Photos:Costa Rica Tourism Board
By Vickie Sam Paget
Costa Rica is a wild and rugged Central American natural playground that appeals to the more adventurous Canadian traveller. In fact, 9.3 per cent of the country’s visitors hail from the Great White North, and Costa Rica is the country of choice for some 4.2 per cent of Canadian travellers who opt to visit Central America.
And although the country is small – covering just 0.03 per cent of the surface of the globe – it is home to an incredible five per cent of the planet’s existing biodiversity. Subsequently, 25.58 per cent of the country is composed of protected territory for the traveller to explore. So in short, you could say that Costa Rica is an exotic, ecological Eden.
Costa Rica 101
This eco-warrior’s wonderland occupies a privileged spot in the heart of Central America. While its 51,000-square-kilometres touch both the Caribbean Sea and the Pacific Ocean, the country is surprisingly accessible, and your clients can drive from coast to coast in about three hours. This makes Costa Rica a great destination for travellers who like to hit the road and explore.
The Caribbean region of Costa Rica boasts some outstanding aquatic ecosystems and stunning white and black sand beaches, while the Pacific coast is home to the larger tourist centres of Esterillos, Jaco, Hermosa and Boca Barranca. The country’s Golfito region, near the gorgeous Marino Ballena National Park, is a big hit with surfers.
Clients who love to get their hands dirty will adore a visit to one of the natural hot springs at Arenal Volcano. Each of the springs evokes a unique ambience – some offer both hot and cold pools, while others offer waterslides and some even have swim-up bars. For example, the Eco Termales Hot Spring is a small spring that maintains its intimate atmosphere by accepting no more than 100 visitors at a time, while the Totoku Hot Spring boasts eight cascading pools that are beautifully lit-up at night.
Located on the Pacific coast, Manuel Antonio National Park offers a true taste of paradise with its stretches of white sand and evergreen forests that grow right up to the high tide line. This is a special place that 109 mammal species and 184 bird species like to call home. The park also features 12 little islands that are visited by dolphins and whales.
On the Caribbean coast, Tortuguero National Park is famous for the sea turtles that nest there every year. Time your client’s visit carefully and they could be exceptionally lucky and witness the newly-hatched turtles race across the sand to the sea.
Canadian adventurers who enjoy a little pampering will be happy to hear that Costa Rica’s all-inclusive options are on the rise. Earlier this month, Occidental Hotels and Resorts completed the conversion of the Occidental Grand Papagayo in Guanacaste into an adults-only resort. The resort joins the Royal Hideaway Playacar in Mexico’s Riviera Maya as the second adults-only property in the Occidental portfolio.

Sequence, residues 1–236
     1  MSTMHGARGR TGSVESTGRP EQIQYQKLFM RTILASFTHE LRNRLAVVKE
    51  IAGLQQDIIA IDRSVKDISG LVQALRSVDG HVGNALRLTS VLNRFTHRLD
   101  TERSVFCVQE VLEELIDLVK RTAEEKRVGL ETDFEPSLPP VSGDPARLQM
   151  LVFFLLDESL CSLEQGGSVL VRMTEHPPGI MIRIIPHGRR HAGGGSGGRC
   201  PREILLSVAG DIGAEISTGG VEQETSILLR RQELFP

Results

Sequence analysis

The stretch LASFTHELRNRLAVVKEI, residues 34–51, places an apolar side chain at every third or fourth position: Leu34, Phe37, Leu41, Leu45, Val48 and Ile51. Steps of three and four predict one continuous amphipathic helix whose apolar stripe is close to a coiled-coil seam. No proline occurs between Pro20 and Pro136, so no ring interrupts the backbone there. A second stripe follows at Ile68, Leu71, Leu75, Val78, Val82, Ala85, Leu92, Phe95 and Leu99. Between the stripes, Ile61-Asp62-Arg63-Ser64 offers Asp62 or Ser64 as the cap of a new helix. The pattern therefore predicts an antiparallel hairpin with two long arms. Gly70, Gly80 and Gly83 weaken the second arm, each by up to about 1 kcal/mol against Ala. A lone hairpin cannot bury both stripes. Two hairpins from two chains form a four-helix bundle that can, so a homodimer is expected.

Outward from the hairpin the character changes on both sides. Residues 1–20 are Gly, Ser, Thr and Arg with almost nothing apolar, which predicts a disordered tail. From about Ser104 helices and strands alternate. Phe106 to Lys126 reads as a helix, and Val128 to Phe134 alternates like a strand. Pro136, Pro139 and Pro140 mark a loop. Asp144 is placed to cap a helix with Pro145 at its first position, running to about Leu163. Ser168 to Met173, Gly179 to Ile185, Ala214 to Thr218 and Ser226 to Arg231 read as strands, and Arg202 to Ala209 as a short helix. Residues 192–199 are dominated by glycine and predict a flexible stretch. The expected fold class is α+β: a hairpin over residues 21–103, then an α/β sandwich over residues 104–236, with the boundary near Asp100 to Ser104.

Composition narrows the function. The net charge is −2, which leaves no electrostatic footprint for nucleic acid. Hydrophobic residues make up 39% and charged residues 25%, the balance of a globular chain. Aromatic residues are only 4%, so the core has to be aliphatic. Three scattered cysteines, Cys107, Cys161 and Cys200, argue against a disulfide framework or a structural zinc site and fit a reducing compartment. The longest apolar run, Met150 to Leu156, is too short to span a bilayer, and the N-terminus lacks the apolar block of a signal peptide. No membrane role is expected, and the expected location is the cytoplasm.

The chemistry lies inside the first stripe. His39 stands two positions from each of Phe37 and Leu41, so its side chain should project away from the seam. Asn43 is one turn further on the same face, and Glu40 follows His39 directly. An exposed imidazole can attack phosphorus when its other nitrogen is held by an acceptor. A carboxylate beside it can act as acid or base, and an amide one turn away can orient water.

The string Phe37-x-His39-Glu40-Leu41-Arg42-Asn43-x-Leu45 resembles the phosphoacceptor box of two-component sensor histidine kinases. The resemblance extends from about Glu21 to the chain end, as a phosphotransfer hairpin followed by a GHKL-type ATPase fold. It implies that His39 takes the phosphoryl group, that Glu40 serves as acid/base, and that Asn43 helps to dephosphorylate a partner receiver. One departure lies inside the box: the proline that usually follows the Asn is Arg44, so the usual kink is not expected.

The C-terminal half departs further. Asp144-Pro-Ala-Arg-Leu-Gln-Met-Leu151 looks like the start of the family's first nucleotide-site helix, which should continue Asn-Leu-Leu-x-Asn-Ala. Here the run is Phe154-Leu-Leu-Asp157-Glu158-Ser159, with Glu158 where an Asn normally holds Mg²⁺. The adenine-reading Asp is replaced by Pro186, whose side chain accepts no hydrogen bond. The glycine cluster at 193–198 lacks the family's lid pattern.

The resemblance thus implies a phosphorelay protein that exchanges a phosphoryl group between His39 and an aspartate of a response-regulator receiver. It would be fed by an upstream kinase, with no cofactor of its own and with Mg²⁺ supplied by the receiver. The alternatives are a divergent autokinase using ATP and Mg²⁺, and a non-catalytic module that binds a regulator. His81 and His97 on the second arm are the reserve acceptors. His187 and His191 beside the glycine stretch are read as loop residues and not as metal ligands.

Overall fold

Alternatively, Hyatt’s ‘Andaz’ brand will debut its first Latin American property, Andaz Papagayo, in Costa Rica this December.
The Andaz Papagayo is just a 20-minute drive from Liberia International Airport. The 153-room property on the northwest Pacific coast features 21 luxury suites, flexible meeting space, three themed restaurants, a marina bar and a spa.
Four of the 21 luxury suites boast plunge pools and the presidential suite has a private, full-sized pool. The hotel also has a privately-accessible beach and two swimming pools, while the nearby marina has 180 slips for yachting.
Cruise business to Costa Rica is also on the rise, with a host of new arrivals, partnerships and improvements aimed to support the destination’s offerings and passenger services.
The arrival of the Island Princess, operated by Princess Cruises, to the Port of Limón at the start of the season marked the first of 64 ships expected to arrive in the port city this season – that’s a 12 per cent increase on last year’s figures.
Work is underway to improve the cruise market infrastructure in the region, as well as projects to restore the architectural and cultural heritage in the Caribbean city.
To further solidify the country’s cruise offerings, a new Mesoamerican regional agreement has also been implemented. For the first time, countries in the region have developed a partnership with cruise lines worldwide to introduce new routes throughout the Pacific.
The new route, named ‘Amazing Pacific’, will begin operation on January 14, with the arrival of Azamara Club Cruises, part of the Royal Caribbean fleet, to Costa Rica’s Puerto Caldera region.